Pennsylvania lawmakers are considering a plan to legalize and regulate a marijuana derivative that proponents say can stop seizures, treat diabetes, and even kill cancer cells.
Testimony Tuesday seemed to orbit around an indisputable fact in the medical marijuana debate: a lack of U.S. research. Studies are scarce because of the drug’s federal classification as among the most dangerous substances.
But the parents of children suffering severe epilepsy and other ailments say they don’t have time to wait for federal rules to change.
Researcher Mark Rosenfeld, who has studied a marijuana oil extract in Israel, Canada, and China, said he has found that it is successful in treating seizures, diabetes, and autoimmune diseases. He even objects to the term medical marijuana, because the derivative he’s studied is non-psychoactive.
“In your reference to these plants, I would call it cannabis, it’s safe to call it hemp, but it’s not marijuana, it just is not,” he said. “So don’t call it medical marijuana.”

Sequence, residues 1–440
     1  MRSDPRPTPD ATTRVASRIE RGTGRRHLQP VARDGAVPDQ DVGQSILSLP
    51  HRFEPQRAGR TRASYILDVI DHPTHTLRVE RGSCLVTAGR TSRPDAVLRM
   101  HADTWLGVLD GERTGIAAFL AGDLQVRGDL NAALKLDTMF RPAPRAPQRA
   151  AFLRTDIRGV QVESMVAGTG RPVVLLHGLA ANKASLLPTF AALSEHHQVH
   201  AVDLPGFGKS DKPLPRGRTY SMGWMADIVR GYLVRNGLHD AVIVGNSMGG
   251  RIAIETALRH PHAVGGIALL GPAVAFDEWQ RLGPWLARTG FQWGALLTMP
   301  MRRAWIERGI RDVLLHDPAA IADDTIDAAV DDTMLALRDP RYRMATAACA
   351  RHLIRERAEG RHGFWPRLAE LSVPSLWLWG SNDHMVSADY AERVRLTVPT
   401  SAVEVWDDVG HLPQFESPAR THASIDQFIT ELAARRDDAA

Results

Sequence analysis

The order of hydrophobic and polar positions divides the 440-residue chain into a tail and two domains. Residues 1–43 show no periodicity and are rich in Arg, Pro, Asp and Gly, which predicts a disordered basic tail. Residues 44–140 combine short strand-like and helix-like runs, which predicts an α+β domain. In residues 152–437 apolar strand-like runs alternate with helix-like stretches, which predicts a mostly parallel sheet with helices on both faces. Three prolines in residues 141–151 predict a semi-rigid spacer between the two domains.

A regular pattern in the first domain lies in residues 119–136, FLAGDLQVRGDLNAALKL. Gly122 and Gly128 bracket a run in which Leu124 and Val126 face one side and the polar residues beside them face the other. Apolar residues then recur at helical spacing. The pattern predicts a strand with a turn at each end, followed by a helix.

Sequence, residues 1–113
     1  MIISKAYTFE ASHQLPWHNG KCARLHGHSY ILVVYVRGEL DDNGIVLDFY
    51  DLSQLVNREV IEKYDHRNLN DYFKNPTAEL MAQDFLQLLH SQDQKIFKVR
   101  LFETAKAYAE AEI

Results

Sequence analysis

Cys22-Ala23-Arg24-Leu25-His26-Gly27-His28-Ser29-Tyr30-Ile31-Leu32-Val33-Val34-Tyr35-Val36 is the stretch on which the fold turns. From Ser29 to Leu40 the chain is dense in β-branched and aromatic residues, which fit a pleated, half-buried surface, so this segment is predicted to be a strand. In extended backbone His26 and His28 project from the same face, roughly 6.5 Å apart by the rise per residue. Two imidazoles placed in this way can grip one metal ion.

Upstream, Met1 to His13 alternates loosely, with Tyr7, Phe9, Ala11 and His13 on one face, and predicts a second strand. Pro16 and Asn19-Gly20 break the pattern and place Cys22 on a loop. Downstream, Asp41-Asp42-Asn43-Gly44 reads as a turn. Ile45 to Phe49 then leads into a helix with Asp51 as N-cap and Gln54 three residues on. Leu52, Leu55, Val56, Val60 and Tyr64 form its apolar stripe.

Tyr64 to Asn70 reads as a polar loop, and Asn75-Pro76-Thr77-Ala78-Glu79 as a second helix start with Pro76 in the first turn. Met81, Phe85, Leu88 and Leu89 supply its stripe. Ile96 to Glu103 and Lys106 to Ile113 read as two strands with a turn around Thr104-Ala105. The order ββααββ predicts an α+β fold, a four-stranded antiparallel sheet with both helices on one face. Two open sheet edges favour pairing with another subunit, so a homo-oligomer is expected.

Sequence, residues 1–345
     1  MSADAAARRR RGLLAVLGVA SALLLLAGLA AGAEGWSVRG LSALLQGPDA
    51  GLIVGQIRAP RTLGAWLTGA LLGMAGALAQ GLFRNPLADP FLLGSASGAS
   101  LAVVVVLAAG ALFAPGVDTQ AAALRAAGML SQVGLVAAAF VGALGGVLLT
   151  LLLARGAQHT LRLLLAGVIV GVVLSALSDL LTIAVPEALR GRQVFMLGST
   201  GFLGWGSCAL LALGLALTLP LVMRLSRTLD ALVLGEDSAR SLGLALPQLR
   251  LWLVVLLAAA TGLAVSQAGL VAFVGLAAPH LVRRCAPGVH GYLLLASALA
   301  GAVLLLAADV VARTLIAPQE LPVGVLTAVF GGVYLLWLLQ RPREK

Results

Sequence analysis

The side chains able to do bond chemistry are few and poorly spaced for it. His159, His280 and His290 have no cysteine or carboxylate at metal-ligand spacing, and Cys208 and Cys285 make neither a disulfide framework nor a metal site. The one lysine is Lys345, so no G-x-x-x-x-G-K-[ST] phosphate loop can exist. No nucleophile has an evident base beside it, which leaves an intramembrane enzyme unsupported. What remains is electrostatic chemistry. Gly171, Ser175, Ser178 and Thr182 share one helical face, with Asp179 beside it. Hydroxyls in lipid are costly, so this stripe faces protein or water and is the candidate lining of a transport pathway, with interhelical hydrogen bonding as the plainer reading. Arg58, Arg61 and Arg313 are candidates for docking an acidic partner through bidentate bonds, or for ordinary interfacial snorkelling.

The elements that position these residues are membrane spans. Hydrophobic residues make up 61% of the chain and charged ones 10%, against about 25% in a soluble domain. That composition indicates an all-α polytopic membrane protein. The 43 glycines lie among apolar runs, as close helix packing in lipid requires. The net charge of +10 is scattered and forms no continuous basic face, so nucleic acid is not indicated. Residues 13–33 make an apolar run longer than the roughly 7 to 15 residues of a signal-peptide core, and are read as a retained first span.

A vote hasn’t been scheduled on the bill, but state Sen. Chuck McIlhinney, R-Bucks, said he may set up a vote to advance the measure to the full Senate.
“I’ll look over the testimony, talk to members of the Senate,” he said. “It’s possible we have further hearings; it’s possible we schedule the bill for a vote.
The votes are in both chambers to pass the bill, according to Sen. Daylin Leach, D-Montgomery, a co-sponsor of the measure. But Leach said it won’t be advanced until Gov. Tom Corbett drops his opposition.
The state’s nurses association supports the measure, though the state doctors’ group, the Pennsylvania Medical Society, is urging against it until federal law allows for more clinical testing.